Dynamics of nanoscale systems probed by time-resolved STM-induced luminescence

The efficiency and peculiarities of processes such as surface adsorption or electron-to-photon energy conversion in organic and inorganic structures are determined by the dynamics at the scale of individual molecules, atoms and charges. The timescales of such effects reach down to the ps regime, which can be routinely probed using ultrafast optics methods. However, these far-field techniques suffer from ensemble-averaging that obscures the information encoded at the atomic level. These limits can be overcome by combining scanning tunnelling microscopy (STM) with time-resolved light detection so that pm and ps scales can be reached simultaneously. STM-induced luminescence (STML) methodologies are employed in this thesis to explore the nanoscale dynamics of different systems: light emitting defects in C60 thin films, H2 molecules weakly physisorbed on Au(111), metal-metal tunnel junctions and single atom contacts. First, we study the dynamics associated with the radiative decay of single excitons at defect-related emission centres localized in the C60 molecular film. Such emission centres serve as the smallest possible model of an organic light emitting diode where a single electron and hole recombine producing a photon. Using time-resolved STML (TR-STML) excited by voltage pulses, we follow the formation of an individual exciton and map this process in real space with ns resolution. Besides the excitonic emission, on C60 thin films we observe luminescence due to the radiative decay of plasmons. We study the interplay of these two processes and create a nanoscale bimodal source whose emission can be dynamically tuned by controlling the charge injection rate. A kinetic model is employed to thoroughly describe the charge and exciton dynamics in this system. The developed kinetic model can be also used to analyse the motion of hydrogen molecules adsorbed on an Au(111) crystal. The weak interaction with the metal and the continuous charge injection by the tip leads to recurrent excursions of the molecule inside and outside from the tunnelling junction, which chop the plasmonic luminescence intensity. These dynamical changes in the light intensity can be followed by correlation spectroscopy and allow extraction of the molecule's residence and excursion times. In the next step, we probe the dynamics of a generic metal-metal tunnel junction. Interestingly, when a high bias is applied, the emission from the junction exhibits photon bunching on a time scale below 50 ps as evidenced by Hanbury Brown-Twiss interferometry. Such a process is a result of a distribution of the energy of one electron between two photons, which may possibly be entangled. The opposite process may occur as well, under conditions where two electrons interact supplying energy to one photon. This overbias emission is a feature of single atom contacts and is used here to probe the fluctuations of plasmonic enhancement driven by the motion of single atoms in the vicinity of such a contact.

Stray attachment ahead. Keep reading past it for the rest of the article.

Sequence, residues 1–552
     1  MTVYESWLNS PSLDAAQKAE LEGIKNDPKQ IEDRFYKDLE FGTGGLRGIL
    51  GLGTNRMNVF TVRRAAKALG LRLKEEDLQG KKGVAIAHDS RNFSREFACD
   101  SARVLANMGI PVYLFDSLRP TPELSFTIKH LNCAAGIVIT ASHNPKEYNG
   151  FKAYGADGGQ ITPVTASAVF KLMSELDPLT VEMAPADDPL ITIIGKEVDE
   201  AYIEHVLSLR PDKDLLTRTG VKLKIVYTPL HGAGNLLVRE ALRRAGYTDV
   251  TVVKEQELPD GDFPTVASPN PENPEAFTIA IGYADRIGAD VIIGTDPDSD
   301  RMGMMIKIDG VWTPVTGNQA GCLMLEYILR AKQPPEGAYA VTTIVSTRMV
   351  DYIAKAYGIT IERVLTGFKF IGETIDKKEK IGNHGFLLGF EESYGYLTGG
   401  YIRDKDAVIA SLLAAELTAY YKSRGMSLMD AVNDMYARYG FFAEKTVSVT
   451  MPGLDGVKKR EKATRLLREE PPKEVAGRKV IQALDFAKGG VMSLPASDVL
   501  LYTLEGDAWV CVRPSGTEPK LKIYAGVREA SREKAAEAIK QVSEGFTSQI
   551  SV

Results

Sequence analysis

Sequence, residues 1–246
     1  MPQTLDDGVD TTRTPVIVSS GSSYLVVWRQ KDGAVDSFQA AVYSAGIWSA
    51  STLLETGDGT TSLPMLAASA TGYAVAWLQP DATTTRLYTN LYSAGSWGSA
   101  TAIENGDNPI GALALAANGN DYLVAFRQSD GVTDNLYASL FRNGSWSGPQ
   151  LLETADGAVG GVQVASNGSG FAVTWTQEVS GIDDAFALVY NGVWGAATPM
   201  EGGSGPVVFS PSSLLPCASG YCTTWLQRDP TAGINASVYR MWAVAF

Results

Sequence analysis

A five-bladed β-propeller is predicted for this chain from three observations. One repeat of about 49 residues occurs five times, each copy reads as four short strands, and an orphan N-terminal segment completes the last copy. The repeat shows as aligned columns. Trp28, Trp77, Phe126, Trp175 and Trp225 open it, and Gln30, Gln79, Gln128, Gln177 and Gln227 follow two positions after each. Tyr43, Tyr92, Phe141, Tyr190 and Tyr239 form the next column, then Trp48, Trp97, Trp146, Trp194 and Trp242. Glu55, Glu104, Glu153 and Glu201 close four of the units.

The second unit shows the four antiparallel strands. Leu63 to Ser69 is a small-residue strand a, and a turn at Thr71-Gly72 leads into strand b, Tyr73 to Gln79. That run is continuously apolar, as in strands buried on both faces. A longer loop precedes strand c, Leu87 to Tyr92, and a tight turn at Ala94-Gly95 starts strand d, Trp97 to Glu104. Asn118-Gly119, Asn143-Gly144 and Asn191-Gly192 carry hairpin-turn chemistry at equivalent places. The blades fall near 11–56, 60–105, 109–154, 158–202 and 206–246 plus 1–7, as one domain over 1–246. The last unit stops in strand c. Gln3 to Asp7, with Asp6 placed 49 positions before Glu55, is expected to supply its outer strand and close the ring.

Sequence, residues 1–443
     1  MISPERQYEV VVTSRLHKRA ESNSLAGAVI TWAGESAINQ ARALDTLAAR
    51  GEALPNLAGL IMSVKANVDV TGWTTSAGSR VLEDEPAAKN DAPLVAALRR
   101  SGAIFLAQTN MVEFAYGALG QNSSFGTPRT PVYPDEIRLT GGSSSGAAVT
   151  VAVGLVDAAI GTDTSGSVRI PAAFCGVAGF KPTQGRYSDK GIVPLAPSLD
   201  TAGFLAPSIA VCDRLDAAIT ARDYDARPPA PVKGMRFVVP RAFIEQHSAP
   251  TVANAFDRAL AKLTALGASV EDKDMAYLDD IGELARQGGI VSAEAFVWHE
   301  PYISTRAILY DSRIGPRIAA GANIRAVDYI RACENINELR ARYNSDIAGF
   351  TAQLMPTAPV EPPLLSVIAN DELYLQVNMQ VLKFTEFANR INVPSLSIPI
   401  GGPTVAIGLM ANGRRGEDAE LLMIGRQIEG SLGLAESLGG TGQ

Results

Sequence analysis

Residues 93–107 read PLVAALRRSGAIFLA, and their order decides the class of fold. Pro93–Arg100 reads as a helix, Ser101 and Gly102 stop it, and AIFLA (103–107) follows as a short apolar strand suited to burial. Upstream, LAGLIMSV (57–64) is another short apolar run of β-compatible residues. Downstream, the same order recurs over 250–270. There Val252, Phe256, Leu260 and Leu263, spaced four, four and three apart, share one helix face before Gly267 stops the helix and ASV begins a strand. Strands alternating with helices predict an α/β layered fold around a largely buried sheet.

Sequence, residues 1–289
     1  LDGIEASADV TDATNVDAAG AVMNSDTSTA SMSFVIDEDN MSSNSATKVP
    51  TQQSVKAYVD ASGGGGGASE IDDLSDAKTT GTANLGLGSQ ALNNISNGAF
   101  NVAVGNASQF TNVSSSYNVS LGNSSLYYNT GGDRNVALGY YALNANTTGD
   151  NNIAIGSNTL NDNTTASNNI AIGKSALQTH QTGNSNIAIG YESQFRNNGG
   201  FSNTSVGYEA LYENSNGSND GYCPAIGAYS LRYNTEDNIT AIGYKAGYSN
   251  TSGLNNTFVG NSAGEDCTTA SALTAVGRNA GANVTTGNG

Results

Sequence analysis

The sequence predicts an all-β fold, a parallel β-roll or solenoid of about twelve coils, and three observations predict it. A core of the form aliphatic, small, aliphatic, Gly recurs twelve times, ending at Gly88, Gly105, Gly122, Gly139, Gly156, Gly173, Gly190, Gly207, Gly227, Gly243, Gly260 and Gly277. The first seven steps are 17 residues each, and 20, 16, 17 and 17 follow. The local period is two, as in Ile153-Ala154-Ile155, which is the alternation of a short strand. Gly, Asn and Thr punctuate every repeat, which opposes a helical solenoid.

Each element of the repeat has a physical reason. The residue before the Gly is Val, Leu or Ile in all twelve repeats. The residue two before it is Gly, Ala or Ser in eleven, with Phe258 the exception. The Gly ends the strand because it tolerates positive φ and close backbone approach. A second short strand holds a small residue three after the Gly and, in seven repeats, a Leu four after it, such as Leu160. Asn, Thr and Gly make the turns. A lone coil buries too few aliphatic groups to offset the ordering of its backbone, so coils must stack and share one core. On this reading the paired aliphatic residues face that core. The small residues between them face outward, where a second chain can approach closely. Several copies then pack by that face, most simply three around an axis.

Advisor(s):
Kern, Klaus
Year:
2019
Publisher:
Lausanne, EPFL
Keywords:
Laboratories:
LSEN




 Record created 2019-06-05, last modified 2019-06-17

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